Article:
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How Much Fiber Is in Rice Bran?

by
author image Melodie Anne
Melodie Anne Coffman specializes in overall wellness, with particular interests in women's health and personal defense. She holds a master's degree in food science and human nutrition and is a certified instructor through the NRA. Coffman is pursuing her personal trainer certification in 2015.
How Much Fiber Is in Rice Bran?
Brown rice in a wooden bowl. Photo Credit rusak/iStock/Getty Images

Whole grain kernels include the plant's germ, endosperm and bran. Rice bran consists of the germ and the layer between the outer hull and inner rice grain. This is equivalent to 8 percent of the total weight of the rice kernel. About 60 percent of the overall nutrients in the grain, including fiber, are found in the rice bran. Rice bran has a high fiber content, making it beneficial for your diet.

Rice Bran in the Diet

You can add rice bran to many recipes as a way to increase your fiber intake. Sprinkle rice bran on your breakfast cereal or mix it in pancake batter. It has a mild flavor, so you can add it to fruit smoothies without affecting the taste. Add a few teaspoons of rice bran to your cake, cookie or brownie recipe. This is an easy way to sneak in some beneficial fiber.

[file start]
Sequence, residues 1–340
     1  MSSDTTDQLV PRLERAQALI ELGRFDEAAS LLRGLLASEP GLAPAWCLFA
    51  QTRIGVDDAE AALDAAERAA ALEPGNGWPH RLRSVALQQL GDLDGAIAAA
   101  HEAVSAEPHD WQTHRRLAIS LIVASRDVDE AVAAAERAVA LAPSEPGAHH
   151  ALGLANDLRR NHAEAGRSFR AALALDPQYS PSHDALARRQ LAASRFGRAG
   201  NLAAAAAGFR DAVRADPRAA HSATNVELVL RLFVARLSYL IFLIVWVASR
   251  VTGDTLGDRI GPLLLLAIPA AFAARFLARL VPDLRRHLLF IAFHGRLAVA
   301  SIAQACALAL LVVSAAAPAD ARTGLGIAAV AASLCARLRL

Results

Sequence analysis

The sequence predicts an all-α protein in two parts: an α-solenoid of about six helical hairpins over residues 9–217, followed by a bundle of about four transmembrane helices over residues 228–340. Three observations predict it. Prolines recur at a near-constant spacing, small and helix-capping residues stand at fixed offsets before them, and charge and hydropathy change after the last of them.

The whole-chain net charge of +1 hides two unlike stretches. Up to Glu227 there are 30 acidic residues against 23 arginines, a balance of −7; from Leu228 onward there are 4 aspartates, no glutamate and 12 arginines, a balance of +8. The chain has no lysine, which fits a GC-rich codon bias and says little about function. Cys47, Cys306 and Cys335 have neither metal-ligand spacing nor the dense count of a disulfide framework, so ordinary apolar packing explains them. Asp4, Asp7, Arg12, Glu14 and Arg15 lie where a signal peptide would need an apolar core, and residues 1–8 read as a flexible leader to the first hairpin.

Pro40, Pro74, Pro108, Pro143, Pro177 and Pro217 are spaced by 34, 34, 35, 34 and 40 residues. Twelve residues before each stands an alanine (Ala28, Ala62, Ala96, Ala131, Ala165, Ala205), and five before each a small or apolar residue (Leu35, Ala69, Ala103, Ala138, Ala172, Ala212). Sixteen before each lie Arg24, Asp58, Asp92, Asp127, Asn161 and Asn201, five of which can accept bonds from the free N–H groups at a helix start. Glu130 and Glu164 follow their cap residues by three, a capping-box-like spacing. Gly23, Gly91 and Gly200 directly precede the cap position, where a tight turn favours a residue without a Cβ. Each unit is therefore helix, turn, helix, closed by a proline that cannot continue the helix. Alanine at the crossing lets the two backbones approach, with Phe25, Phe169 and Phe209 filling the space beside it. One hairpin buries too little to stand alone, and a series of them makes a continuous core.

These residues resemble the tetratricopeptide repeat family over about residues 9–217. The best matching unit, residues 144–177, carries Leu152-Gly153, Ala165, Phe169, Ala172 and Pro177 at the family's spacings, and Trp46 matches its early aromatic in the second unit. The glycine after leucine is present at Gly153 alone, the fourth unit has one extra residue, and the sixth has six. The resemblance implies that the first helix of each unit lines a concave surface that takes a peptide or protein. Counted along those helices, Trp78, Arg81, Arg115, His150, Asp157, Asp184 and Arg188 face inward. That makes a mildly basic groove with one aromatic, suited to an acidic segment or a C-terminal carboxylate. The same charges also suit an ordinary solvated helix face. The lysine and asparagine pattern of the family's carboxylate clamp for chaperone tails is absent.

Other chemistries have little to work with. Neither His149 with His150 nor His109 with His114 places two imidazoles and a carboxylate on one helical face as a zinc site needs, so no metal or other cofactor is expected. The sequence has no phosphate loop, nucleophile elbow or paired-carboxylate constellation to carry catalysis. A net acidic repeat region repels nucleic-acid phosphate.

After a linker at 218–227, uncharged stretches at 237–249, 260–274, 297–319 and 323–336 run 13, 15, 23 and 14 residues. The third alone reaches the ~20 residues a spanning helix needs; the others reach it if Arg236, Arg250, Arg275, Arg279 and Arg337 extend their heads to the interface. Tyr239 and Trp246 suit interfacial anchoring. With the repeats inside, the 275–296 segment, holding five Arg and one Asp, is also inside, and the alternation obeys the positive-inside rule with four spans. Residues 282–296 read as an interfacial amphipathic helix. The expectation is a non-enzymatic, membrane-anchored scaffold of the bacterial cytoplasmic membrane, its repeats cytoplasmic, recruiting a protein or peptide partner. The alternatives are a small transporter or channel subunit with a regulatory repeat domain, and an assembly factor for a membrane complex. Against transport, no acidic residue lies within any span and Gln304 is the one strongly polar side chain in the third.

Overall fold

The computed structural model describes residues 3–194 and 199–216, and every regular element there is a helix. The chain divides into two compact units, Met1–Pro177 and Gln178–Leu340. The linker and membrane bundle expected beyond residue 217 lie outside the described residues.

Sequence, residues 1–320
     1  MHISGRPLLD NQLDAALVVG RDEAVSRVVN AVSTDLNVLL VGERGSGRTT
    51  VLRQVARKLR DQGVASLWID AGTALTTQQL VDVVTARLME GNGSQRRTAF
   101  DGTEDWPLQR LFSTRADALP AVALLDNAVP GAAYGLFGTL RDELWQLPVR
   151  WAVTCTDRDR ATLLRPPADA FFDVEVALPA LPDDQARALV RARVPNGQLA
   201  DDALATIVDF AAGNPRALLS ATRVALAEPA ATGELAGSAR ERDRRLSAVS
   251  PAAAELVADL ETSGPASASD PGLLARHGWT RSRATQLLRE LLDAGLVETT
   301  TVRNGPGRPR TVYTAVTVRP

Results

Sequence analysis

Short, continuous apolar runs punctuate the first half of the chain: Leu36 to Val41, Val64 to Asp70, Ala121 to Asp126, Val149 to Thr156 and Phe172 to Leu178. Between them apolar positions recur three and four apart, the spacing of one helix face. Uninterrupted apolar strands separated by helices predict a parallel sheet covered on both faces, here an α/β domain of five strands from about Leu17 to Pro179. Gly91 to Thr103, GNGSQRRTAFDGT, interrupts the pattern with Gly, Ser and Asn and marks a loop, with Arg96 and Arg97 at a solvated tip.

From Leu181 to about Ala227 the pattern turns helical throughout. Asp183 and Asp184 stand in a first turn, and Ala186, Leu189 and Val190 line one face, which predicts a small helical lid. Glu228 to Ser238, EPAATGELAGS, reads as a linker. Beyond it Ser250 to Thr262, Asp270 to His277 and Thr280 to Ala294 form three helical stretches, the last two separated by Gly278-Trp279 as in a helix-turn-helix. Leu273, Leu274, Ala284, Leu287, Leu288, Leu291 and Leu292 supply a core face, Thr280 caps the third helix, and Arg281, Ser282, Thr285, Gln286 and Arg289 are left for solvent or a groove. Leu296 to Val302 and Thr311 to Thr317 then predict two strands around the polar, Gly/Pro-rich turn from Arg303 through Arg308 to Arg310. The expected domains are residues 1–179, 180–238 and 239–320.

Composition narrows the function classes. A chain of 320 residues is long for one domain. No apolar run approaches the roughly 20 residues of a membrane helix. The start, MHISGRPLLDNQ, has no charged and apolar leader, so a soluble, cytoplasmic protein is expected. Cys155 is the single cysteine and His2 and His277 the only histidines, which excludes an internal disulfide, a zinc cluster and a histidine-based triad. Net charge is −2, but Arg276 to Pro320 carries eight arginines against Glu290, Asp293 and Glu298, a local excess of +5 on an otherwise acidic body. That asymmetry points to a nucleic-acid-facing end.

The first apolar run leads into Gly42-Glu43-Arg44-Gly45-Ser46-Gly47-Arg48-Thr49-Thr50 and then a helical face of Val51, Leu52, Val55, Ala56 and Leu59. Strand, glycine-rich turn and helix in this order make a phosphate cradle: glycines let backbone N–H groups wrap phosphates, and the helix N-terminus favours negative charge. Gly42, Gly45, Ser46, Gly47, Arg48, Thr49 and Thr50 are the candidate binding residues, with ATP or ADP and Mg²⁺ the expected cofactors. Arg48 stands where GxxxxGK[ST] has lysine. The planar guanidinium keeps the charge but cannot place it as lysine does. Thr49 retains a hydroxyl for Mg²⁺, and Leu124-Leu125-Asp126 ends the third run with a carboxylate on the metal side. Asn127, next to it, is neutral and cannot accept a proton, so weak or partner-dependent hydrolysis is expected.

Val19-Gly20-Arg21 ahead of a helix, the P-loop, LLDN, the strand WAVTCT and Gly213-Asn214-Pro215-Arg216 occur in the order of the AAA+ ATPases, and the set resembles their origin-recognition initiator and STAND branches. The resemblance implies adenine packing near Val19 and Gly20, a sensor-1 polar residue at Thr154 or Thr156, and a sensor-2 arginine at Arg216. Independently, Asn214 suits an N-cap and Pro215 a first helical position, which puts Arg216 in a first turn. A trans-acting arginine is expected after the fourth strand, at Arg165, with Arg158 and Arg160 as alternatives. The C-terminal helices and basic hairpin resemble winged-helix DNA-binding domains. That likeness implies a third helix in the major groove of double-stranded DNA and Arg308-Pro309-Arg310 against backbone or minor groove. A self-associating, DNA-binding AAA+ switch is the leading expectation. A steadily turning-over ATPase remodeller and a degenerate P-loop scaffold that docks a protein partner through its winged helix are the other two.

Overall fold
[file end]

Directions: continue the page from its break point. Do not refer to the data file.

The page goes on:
Dietary Fiber

Dietary fiber helps you maintain your digestive health and reduce your blood cholesterol levels. A 2 tablespoons serving of rice bran provides 4 grams of dietary fiber. You should consume about 25 to 38 grams of fiber daily. Your body does not digest or absorb fiber. Dietary fiber passes through your stomach, small intestine and colon without being broken down. While the fiber is passing through, it benefits your body by helping remove waste products.

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Soluble Fiber

Rice bran contains some soluble fiber. This type of fiber dissolves in water, and forms a gel that moves through your gut. Consuming soluble fiber may help lower your blood sugar and cholesterol levels. A diet high in soluble fiber may also help reduce your risk of developing Type 2 diabetes. If you have diabetes, soluble fiber can slow the absorption of sugar, which may help you maintain healthy blood sugar levels.

Insoluble Fiber

Most of the fiber in rice bran is insoluble, and comes from the cell wall of the rice kernel. Insoluble fiber creates fecal bulk and keeps your bowels moving. This may help with constipation or irregular stools. The insoluble fiber in rice bran can help normalize your bowel movements and may reduce your risk of colorectal cancer.

Negative Effects of Fiber

Fiber from rice bran can have negative effects in your body. Increasing your fiber intake may cause constipation, diarrhea or an upset stomach. You may also experience gas and bloating. Reduce these effects by slowly introducing rice bran to your diet. Add one teaspoon, twice a day, and increase this amount as you can tolerate it. This will give your body time to adjust to your increased fiber intake.

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